Title: The Story of Doug Dietz: Creative Confidence in the MRI Suite
Context: When design is at its best it doesn’t make products better, it makes people’s lives better.
Synopsis: It is entirely possible to design something and convince yourself that you’ve absolutely nailed it. You met all the specs, hit all the deadlines, it looks great, the performance is lightning quick, more stable than a slab of marble; quite easy to break your arm patting yourself on the back since you’ve done such a bang up job. Then you see someone use it. And they are petrified. They start crying. They are so distraught, they actually need to be sedated. But it works. It works great. Does everything it’s supposed to do. To a user who is so scared they need to be dosed with narcotics that render them unconscious. This is not design, this is torture. But it does not have to be thus. We can learn from our mistakes. We can fix them. We can do better for the people we design for. We can show them empathy. And that—in its purest essence—is in point of fact the very definition of design.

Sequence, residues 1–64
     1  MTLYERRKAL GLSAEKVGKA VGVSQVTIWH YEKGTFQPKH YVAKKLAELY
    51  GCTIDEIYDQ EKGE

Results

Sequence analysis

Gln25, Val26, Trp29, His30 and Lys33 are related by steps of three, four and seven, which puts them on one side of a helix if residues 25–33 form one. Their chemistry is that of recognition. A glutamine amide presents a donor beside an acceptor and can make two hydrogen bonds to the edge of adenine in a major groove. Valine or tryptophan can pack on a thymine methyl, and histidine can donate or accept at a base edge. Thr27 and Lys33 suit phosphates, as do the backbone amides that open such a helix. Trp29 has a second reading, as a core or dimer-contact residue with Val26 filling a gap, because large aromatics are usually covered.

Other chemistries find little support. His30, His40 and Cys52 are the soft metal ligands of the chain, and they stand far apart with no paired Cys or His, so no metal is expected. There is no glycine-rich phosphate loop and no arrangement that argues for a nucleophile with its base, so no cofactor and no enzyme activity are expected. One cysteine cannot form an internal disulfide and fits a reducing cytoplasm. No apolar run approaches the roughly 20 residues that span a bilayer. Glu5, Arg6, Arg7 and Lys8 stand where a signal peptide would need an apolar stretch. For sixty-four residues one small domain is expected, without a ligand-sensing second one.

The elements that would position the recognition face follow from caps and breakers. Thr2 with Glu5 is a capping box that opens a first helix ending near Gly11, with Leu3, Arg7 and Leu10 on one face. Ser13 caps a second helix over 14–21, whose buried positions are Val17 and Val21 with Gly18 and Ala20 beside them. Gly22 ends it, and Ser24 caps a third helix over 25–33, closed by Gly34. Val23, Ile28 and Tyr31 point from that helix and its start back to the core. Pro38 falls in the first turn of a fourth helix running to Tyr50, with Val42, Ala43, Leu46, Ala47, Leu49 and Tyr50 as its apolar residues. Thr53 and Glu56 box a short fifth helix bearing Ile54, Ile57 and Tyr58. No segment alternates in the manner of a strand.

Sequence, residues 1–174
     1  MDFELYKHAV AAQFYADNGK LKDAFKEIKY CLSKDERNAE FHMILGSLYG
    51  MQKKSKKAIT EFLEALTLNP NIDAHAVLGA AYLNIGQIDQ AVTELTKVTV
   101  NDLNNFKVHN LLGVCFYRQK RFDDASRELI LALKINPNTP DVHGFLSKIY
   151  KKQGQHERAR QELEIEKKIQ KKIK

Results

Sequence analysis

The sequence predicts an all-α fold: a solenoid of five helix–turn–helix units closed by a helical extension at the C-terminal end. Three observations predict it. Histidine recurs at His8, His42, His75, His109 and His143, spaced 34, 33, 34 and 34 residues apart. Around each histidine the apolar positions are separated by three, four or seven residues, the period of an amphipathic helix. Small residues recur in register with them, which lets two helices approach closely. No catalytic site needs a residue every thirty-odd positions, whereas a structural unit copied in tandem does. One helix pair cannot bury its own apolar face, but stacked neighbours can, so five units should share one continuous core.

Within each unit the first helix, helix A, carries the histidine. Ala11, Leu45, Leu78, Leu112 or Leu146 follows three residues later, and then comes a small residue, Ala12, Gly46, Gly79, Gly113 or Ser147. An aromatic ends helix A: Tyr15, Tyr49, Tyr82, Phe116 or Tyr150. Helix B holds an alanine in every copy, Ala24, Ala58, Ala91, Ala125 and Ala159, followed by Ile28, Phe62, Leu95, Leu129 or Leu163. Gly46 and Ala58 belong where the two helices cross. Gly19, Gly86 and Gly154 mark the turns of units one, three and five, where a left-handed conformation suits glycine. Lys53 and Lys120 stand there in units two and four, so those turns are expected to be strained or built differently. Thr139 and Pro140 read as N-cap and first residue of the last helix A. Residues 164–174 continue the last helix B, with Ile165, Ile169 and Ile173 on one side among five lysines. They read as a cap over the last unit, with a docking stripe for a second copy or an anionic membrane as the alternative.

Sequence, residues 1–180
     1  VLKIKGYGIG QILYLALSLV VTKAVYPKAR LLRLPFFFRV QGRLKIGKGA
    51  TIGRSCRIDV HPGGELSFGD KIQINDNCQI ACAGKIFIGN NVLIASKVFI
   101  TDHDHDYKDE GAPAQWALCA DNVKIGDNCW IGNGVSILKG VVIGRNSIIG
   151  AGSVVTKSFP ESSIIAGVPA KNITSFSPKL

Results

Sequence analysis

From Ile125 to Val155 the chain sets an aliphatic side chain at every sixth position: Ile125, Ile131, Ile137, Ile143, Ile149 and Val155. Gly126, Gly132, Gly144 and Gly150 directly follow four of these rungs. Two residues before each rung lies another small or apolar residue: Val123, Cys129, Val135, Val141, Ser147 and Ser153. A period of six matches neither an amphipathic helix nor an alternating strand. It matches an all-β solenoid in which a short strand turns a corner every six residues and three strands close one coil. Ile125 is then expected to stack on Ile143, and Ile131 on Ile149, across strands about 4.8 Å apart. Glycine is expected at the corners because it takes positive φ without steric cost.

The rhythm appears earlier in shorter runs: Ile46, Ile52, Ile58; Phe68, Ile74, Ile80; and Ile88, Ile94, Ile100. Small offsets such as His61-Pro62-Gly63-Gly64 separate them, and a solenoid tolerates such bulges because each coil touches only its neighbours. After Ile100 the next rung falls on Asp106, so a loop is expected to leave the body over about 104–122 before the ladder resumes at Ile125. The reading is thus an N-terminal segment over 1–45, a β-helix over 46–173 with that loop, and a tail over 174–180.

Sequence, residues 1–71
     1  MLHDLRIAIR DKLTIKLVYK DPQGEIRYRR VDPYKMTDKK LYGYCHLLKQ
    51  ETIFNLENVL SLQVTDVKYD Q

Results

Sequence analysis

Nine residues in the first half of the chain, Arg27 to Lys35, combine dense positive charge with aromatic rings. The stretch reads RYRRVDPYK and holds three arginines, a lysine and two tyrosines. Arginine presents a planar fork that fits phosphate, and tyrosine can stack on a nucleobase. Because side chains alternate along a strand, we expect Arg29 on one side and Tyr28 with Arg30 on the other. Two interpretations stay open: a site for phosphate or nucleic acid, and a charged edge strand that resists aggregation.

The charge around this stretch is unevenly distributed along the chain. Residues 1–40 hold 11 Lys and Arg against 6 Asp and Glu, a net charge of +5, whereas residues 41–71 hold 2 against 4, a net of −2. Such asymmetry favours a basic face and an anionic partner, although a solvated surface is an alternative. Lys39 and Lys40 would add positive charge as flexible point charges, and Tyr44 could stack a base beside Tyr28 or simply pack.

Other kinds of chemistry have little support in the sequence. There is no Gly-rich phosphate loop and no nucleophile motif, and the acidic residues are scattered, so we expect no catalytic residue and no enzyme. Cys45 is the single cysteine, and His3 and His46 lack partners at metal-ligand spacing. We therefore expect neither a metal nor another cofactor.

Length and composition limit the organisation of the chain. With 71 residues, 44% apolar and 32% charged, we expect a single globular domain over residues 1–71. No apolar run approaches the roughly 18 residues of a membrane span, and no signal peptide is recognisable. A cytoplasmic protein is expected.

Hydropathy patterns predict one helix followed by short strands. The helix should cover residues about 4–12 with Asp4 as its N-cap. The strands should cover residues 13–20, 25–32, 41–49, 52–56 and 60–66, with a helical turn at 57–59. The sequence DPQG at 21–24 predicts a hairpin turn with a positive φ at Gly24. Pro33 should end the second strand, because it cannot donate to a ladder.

Best Bit: “Patients were happier. Hospitals were happier. His greatest achievement however was when a little girl once asked her mom after the scan: ‘can we come back tomorrow?’”

via openideo.com